Dream of:24 March 1986 "Insufficient Probable Cause"
I had been appointed by judge Schwille to accompany two narcotics agents when they went to arrest someone. The agents (probably in their late 20s) had longish hair and mustaches. They had been using a helicopter to observe a suspect (probably in his late 20s) who likewise had longish brown hair and a mustache.
The agents had just landed their helicopter when I joined them. On two previous occasions the agents had watched the fellow leave his house and both times after leaving his house he had lit a cigarette. The agents had deduced that the cigarette was actually a marijuana joint. On this occasion the fellow again left his house, again lit a cigarette and the agents concluded they now had enough reason to arrest him.
They knew the fellow was now in a restaurant. The three of us walked into the restaurant together obviously looking for someone. We walked past several occupied tables and came to the table where the suspect was sitting. He reminded me of Davis (a Fort Worth attorney with whom I had attended law school) and for a moment I even thought he was Davis.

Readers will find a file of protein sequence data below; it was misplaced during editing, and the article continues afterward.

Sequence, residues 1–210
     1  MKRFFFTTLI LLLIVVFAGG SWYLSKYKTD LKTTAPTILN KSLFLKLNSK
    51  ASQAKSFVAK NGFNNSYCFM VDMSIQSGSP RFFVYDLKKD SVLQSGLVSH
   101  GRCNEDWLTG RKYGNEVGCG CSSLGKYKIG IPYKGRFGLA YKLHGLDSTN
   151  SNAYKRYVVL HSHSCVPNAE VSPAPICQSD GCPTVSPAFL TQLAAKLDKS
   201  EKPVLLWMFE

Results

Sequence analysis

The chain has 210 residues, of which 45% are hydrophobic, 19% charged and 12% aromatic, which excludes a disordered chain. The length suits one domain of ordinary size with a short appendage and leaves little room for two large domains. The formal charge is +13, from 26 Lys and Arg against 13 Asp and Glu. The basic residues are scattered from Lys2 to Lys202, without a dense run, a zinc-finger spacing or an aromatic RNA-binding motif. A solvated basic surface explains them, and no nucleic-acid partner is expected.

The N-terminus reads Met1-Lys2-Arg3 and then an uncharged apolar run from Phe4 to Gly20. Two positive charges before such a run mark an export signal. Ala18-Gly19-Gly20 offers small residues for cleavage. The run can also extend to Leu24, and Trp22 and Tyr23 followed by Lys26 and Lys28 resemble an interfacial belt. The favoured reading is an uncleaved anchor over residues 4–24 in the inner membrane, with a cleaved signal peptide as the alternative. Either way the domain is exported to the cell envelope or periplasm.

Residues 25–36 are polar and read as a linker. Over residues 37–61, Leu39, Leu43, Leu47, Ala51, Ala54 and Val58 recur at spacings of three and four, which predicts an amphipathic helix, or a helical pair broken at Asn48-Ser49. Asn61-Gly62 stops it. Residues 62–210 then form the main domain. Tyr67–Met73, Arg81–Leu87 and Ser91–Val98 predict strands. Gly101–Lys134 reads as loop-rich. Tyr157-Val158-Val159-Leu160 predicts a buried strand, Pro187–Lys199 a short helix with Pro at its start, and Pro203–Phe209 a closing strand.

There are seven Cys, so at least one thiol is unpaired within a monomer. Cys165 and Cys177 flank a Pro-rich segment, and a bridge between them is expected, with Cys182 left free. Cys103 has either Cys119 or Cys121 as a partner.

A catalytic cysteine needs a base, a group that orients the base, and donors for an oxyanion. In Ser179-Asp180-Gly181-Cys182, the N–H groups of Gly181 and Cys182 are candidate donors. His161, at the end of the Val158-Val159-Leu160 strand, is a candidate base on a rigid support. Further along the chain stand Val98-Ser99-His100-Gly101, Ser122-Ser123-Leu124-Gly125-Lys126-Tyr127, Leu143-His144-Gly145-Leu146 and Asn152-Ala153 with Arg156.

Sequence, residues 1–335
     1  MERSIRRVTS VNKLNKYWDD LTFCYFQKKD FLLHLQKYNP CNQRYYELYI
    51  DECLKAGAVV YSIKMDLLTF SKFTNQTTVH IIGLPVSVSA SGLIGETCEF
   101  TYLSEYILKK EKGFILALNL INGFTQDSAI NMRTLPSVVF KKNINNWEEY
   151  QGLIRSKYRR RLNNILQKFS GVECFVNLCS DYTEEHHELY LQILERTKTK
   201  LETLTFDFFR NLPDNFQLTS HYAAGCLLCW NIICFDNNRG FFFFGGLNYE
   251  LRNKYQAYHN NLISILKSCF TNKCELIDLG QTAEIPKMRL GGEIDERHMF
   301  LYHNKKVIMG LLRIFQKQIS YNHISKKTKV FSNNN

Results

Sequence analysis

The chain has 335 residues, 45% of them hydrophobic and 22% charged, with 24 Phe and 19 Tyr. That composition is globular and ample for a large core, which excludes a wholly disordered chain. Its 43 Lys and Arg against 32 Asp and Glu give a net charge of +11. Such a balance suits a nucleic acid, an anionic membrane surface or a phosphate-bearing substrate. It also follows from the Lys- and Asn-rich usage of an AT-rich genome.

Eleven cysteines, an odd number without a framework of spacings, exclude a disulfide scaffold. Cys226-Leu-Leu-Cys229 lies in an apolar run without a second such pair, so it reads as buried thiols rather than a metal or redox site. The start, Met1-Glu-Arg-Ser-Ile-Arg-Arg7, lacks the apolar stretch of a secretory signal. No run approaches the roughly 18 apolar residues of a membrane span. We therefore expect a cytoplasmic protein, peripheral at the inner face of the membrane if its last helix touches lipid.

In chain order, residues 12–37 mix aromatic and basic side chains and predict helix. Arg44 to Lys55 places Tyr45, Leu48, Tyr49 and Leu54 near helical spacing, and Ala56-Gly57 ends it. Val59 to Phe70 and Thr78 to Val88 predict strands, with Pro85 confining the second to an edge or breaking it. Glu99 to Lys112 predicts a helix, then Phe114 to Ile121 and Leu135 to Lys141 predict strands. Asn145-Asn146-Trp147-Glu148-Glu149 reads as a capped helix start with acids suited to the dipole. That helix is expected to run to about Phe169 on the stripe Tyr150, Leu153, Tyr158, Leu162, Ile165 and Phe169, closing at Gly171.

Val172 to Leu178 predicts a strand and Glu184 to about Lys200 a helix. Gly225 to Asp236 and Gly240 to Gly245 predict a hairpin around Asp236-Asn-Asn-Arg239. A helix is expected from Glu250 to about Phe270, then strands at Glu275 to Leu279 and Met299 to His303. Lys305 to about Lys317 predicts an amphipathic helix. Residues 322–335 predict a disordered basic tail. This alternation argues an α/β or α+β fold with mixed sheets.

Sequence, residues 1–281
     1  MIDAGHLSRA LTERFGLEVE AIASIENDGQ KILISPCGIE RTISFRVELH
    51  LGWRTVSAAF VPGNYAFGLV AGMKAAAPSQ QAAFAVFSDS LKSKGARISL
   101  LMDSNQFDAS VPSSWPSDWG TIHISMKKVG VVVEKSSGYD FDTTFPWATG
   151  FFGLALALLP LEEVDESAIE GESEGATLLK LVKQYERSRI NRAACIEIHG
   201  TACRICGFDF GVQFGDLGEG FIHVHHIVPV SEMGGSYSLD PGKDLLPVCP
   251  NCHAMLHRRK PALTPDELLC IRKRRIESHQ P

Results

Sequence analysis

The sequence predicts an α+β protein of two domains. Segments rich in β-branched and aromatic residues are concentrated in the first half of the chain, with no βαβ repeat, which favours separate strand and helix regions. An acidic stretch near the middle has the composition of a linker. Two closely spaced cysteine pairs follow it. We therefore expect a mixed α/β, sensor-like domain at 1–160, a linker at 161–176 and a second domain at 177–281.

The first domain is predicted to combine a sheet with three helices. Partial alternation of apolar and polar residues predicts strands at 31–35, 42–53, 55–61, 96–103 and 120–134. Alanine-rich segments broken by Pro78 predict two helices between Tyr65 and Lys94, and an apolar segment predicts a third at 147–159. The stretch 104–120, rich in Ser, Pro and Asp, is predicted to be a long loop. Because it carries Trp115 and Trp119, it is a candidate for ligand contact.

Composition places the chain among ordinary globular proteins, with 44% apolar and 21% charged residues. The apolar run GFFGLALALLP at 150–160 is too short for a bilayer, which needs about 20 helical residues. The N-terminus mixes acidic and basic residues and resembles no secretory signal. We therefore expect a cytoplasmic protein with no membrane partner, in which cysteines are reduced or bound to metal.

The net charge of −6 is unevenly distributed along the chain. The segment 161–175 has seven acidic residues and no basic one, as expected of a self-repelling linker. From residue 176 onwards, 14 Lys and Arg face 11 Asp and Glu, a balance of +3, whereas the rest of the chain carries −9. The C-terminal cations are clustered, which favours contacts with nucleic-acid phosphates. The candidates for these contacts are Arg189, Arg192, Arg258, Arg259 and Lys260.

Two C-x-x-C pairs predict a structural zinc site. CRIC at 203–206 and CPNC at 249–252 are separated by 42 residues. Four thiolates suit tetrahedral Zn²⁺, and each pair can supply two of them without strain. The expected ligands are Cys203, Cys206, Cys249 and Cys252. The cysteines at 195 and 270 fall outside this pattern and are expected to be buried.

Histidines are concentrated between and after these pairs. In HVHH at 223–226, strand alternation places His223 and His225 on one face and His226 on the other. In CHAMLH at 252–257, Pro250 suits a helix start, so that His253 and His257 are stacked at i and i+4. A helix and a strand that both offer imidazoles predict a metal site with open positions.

The agents ordered him to stand up, searched him, and found a small package of marijuana in his pants pocket. I then explained to the fellow that I had been appointed by the court to accompany the narcotics agents to make sure everything had been done properly. I told the fellow that the agents certainly hadn't had any probable cause to arrest him and that we would need to file a motion to suppress the evidence. In my opinion the mere fact that a person had been seen lighting a cigarette didn't constitute sufficient probable cause to warrant arresting the person.
The four of us left the restaurant, boarded a car of the narcotics agents and drove away. I was becoming rather upset with the entire situation; wanting to disparage the narcotics agents, I said, "I don't see how you guys can stand your work. Drugs, marijuana and cocaine are one of the two or three worst problems in the United States."
I continued to explain that clearly the drugs weren't good for people. However, the way to combat drugs wasn't to make their possession a criminal offense and put people in jail merely because they possessed the drugs. I was adamant and also quite agitated because I deeply felt the United States was acting wrongly when it imprisoned people for possession of drugs.
I remembered when alcohol had been illegal in the United States and the ramifications of alcohol's being sold illegally. The same thing was now happening with drugs. Drugs needed to be legalized and people with problems with drugs needed to be helped.
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